Exaggerated and false social media postings mixed with genuinely scary realities on the ground have ginned up a degree of hysteria that is not helping recovery efforts or giving people a realistic view of the situation on the ground in St. Thomas and St. John. Social media has been incredibly important in getting information out quickly. But very real pressing issues can be lost in the din of false and exaggerated rumors.
One of the rumors being reposted on several Facebook pages and other websites is an anonymous claim, purportedly texted to someone, that “police are hoarding the MRE’s (military meals ready to eat) from the Red Cross and saying they are only for police and power employees.”
People on the ground on St. John say otherwise.
“The first distribution took place Saturday at the Coral Bay Fire Station and at the Winston Wells ball field,” Freelance journalist Judi Shimel told the Source Monday.
“Commodities were distributed Sunday around noon at Wells Ballpark. Gov. (Kenneth) Mapp landed on the field in a Customs and Border Patrol helicopter around the same time,” Shimel said.
Shimel reports that supplies arrived in Coral Bay, at the fire station around 1:30 p.m. Sunday by pickup truck and were offloaded by members of the Fire Service.
“I stopped by and picked up two cold waters to carry home to Hansen Bay, and signed for commodities. I came back about an hour later to pick them up because they weren’t ready to distribute at 1:30 p.m. I received a case of one liter drinking waters and a box of MREs,” Shimel said.
Another misleading rumor being broadcast is that no one can get off of St. John or St. Thomas. That was true for the first couple of days, with closed harbors and airports, but relief has arrived and it is ramping up quickly. (See: Supplies Coming In, People Getting Out of St. Thomas, St. John in Related Links below)
On St. Thomas, several people raised the alarm on social media that some elderly, sick and people otherwise limited in mobility in Fortuna on the western end of the island were trapped because roads were still blocked as of Saturday. Emergency Operations Command officials were unable to verify or dispute the reports initially and reporters on the ground asked around and no one seemed to know anything. Source reporter Kelsey Nowakowski spoke with a farmer from Bordeaux, west of Fortuna, Monday, who reported the main road was not cleared until Sunday and the only way in or out was a back road that could only be traversed with a four-wheel drive vehicle.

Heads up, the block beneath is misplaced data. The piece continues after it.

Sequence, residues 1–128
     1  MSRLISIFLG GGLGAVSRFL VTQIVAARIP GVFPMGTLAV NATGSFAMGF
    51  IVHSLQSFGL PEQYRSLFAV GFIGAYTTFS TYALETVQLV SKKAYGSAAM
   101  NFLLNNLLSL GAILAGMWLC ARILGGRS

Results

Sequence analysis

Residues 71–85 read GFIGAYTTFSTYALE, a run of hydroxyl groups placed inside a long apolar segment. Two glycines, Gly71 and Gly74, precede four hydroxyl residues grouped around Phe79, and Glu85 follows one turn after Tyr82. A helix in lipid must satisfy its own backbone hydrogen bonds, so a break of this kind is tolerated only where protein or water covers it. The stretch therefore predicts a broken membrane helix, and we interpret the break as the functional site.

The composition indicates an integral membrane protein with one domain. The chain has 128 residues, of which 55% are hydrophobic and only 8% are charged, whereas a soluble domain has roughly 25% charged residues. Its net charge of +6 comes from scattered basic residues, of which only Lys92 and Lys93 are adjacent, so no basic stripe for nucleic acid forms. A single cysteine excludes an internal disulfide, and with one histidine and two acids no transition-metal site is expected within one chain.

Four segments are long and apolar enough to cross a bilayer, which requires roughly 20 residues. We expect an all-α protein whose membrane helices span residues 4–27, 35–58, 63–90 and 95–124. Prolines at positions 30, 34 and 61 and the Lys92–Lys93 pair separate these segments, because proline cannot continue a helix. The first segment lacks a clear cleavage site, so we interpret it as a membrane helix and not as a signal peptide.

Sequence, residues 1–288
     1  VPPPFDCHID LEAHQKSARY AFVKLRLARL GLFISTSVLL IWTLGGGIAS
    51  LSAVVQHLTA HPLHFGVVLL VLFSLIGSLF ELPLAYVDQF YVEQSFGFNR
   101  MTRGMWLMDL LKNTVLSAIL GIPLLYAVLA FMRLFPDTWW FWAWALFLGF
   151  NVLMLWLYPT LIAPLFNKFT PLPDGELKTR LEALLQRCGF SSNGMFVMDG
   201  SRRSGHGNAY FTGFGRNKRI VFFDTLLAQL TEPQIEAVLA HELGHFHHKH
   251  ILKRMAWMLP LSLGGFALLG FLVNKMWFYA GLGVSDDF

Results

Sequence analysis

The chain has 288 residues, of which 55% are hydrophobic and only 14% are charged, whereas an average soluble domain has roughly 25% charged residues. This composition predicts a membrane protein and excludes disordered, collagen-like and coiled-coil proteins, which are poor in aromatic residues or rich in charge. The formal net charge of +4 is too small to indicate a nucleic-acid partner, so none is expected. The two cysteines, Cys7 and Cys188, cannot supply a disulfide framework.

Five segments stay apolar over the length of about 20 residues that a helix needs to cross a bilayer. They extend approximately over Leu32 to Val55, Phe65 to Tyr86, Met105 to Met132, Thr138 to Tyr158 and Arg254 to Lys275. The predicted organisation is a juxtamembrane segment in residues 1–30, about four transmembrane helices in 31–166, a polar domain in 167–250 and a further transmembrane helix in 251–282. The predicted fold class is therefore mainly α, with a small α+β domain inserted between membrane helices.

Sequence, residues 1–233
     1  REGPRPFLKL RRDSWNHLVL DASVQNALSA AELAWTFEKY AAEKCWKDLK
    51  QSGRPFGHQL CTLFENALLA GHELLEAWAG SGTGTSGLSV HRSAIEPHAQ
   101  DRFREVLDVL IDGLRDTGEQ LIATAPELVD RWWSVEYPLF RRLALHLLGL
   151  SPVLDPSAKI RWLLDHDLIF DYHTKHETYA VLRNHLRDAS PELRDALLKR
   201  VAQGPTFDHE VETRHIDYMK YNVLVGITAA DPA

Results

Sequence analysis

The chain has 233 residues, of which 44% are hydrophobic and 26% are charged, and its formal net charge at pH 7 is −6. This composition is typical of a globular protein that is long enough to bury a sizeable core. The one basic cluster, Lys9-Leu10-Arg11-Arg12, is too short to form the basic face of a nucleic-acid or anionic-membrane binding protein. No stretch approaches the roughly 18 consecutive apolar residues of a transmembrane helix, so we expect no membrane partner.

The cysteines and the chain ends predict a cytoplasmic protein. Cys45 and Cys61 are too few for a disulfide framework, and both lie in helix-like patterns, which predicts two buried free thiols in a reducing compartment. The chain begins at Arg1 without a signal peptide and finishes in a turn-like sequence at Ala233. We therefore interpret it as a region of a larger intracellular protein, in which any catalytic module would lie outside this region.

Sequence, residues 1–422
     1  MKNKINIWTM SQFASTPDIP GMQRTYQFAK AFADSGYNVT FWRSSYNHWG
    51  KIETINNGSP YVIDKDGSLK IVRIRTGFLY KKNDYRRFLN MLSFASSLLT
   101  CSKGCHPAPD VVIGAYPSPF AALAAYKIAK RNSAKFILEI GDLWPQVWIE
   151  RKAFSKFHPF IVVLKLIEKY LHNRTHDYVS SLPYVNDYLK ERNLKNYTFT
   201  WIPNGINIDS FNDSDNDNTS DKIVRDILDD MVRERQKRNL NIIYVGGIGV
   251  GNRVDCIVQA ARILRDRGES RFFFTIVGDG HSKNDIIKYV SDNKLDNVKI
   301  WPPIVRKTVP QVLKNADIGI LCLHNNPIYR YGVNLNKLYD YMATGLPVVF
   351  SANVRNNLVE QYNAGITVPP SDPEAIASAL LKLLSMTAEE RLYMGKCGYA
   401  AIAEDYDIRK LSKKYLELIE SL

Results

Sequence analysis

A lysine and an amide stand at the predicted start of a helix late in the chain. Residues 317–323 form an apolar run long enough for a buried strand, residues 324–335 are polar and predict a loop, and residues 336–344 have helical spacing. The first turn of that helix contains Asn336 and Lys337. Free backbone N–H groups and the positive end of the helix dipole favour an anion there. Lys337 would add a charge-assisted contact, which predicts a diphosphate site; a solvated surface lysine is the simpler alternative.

Others have reported widespread looting and a growing threat of violence. Reporters on the ground have confirmed that there are rumors of isolated looting but paint a picture more of people working together in a difficult situation.
There is chaos in the aftermath of the storm and there has been ugliness after hurricanes in the USVI in the past. And violent crime is an issue in the territory. The V.I. homicide rate is alarmingly high, with far too many young men shooting each other in an endless cycle of retaliatory attacks. Burglaries are too common. A burglary and kidnapping occurred on St. Croix this week. Fortunately, no one was killed and the suspects have been arrested. False rumors make it difficult to ascertain when bad things are actually happening.
Police Commissioner Delroy Richards said in a statement Monday that there have been some arrests for curfew violations on St. Thomas, but no reports of serious crime associated with the storm or its aftermath.
The same V.I. Government statement asserts that social media posts about stolen firearms and widespread looting on St. John are unfounded.
“Contact has been made with the Jurgen Command in Cruz Bay, St. John, where officers confirm that these and other allegations about lawlessness are false,” V.I. officials said in the statement from V.I. Emergency Operations Command.
At a press conference Monday night, Mapp said there had been rumors of children being killed and said the confirmed fatality count from Irma still stood at four, with none of them being children and none victims of violence.
He said that national media are flying into St. Croix Monday night and touring St. Thomas and St. John on Tuesday.
“It is very important that we get our story out,” Mapp said. For one, many people stateside have friends and family in the territory and “people are concerned about friends and family that they cannot reach,” he said.
Countering the rumors is also important, he said.
“Social media cannot dictate the impressions. … . Folks are getting access to shelter, food and water. … We see that our national government is responding in a very heavy way,” Mapp said.
“Tourism is the territory’s economic mainstay and it is important for the wider world to see the recovery efforts,” Mapp added.
“We don’t want people to scratch the Virgin Islands off the list,” he said. He wants the world to see that rebuilding is happening, that power systems are up again, “that some hotels are damaged but a number of other hotels are not damaged.”